46 Chapters
Medium 9781907099786

ST. LUCIA

Michelin Travel & Lifestyle ePub

DISCOVERING

DOMINICAa

Nature as it was intended—the Old Caribbean, undeveloped and unspoiled—that’s the Commonwealth of Dominica. Rightfully calling itself "The Nature Island," this sparsely populated island nation is a lush, mountainous zone blanketed in tropical forest. Less than 290 square miles in size, Dominica emerges from the ocean between Martinique and Guadeloupe, the most mountainous island of the Lesser Antilles. Early navigators could see its 3,000-foot peaks from a long way off. Formed by geothermal volcanic activity, the island is continuously evolving. It has only a few beaches of gray sand, but offers a world of experiences in ecotourism and total immersion for nature lovers. Trails thread the mountainous sections, and hundreds of rivers snake through the region, passing cascading waterfalls and lush forests. Hot springs that dot the landscape and the aptly named Boiling Lake are reminders of the island’s volcanic heritage.

Dominica was named by Columbus for the day of the week he spotted it, Sunday. (It was originally called Waitukubuli by the indigenous Carib tribe.) European forces drove away the Carib inhabitants, and battles continued over who maintained official control. France handed over the tiny island to the United Kingdom in 1763. It achieved indepedence in 1978, and is populated by a mix of English, French, African and Carib descendants, with England and Creole as the primary languages (even English is tinged with a French lilt).

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Medium 9781907099779

GARDEN DISTRICT AND UPTOWN

Michelin Travel & Lifestyle ePub

DISCOVERING

GARDEN
DISTRICT
AND UPTOWN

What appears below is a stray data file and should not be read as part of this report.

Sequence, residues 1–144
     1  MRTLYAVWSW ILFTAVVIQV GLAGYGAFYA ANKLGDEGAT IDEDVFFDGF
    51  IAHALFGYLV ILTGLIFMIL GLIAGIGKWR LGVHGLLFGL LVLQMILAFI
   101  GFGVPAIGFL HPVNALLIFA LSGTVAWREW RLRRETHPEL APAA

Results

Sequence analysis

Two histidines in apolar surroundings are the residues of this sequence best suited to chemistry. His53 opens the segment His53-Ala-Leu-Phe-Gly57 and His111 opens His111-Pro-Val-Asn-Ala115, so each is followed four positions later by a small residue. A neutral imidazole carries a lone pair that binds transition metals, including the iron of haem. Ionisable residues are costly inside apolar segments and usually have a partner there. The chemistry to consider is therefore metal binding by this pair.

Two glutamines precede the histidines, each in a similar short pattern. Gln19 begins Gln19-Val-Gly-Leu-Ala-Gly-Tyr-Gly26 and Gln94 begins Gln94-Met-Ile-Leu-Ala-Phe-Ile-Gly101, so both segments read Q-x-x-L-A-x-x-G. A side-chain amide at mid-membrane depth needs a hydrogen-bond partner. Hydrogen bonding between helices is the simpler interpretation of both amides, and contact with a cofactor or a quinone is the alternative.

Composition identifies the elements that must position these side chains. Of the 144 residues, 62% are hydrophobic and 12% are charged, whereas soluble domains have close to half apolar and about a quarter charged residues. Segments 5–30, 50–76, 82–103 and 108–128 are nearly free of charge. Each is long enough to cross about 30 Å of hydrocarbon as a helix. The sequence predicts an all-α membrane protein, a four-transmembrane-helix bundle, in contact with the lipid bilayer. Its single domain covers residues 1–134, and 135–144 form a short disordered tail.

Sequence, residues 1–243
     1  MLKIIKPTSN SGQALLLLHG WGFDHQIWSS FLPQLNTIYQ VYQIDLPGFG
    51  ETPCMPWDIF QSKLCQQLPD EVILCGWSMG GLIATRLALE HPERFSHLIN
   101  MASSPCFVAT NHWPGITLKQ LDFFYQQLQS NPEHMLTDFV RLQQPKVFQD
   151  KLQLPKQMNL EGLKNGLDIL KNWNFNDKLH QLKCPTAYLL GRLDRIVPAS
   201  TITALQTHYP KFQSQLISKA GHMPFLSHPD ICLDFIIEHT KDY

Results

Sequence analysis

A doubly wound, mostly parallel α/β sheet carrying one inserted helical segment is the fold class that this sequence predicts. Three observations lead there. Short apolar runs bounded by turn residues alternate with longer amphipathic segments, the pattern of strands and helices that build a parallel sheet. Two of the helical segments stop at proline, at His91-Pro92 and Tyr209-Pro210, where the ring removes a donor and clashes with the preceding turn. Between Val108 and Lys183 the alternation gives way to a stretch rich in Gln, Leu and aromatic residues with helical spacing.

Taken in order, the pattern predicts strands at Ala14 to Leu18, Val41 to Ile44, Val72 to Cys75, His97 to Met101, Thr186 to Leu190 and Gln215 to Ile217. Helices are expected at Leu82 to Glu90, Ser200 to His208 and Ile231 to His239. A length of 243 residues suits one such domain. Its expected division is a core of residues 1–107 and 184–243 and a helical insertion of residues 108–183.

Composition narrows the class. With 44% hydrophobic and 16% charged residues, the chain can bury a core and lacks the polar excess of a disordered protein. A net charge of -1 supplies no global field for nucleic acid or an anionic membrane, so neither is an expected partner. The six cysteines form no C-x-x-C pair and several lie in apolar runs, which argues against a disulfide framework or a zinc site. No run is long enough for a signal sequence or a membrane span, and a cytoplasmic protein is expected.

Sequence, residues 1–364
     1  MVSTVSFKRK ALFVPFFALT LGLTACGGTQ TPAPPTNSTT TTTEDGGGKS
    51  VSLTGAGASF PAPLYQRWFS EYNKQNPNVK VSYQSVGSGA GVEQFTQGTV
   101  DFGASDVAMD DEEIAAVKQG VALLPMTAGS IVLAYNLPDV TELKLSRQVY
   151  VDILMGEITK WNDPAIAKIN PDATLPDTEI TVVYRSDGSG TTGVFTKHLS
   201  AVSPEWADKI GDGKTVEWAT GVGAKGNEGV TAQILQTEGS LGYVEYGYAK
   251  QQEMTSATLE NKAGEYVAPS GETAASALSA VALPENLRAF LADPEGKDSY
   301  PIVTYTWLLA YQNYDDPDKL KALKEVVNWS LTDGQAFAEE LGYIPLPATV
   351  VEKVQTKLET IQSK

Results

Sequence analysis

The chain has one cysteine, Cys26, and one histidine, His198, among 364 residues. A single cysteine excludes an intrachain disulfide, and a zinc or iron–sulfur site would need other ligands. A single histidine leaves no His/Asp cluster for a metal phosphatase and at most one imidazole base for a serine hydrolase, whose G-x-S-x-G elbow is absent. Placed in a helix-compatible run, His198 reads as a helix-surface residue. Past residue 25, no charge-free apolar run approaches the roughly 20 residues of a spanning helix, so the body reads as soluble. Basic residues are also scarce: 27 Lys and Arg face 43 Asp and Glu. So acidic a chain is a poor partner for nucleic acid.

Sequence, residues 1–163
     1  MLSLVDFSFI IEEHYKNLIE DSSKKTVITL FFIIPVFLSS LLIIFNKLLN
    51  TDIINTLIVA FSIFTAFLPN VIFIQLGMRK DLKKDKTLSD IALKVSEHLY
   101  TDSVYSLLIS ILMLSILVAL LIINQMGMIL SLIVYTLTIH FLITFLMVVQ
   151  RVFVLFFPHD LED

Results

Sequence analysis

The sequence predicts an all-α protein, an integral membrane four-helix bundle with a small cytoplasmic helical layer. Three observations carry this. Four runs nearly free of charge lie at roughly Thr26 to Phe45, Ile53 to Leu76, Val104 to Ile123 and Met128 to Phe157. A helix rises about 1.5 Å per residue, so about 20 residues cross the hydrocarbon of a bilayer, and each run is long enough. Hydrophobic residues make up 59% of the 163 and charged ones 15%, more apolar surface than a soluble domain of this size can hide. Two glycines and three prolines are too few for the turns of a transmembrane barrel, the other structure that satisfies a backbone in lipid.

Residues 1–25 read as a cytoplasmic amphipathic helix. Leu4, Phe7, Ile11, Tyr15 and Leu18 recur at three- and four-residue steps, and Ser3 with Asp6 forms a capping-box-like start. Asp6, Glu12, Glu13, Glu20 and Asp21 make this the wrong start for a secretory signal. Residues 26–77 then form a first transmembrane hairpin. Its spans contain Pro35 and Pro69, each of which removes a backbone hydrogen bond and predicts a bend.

The Garden District may be residential, but that doesn’t mean you should overlook it. For starters, it’s far from your average residential neighborhood. I’m not talking about apartment complexes or small ranch houses. No, I’m talking about some of the most historic and grand Southern mansions in the city. In fact, the Garden District is part of a larger designated National Historic Landmark area, noted for the collection of homes representing architecture styles from antebellum to the early 20C. The leafy neighborhood was once inhabited by wealthy Southerners who did not want to live close to the Creole community in the French Quarter. Many of the 19C homes are still impeccably maintained and there are several notable and historic structures, including a handful of celebrity-owned homes. The Garden District boasts the fascinating and evocative Lafayette Cemetery, bounded by Washington Avenue, Prytania Street, Sixth Street and Coliseum Street. As one of the oldest above-ground cemeteries it does attract tourists, but it remains a peaceful place to stroll.

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Medium 9781907099786

MUSIC AND DANCE

Michelin Travel & Lifestyle ePub

Architecture

The palm-thatched wood dwellings Columbus saw in today’s Dominican Republic were similar to current vernacular Caribbean architecture. The Cuban bohío is a present-day example, though corrugated metal might have replaced the palm, and walls may be made of concrete block. Thatched structures known as malocas are still used in the indigenous Kogui village in Colombia’s Sierra Nevada de Santa Marta near the Caribbean Sea.

Ancient Structures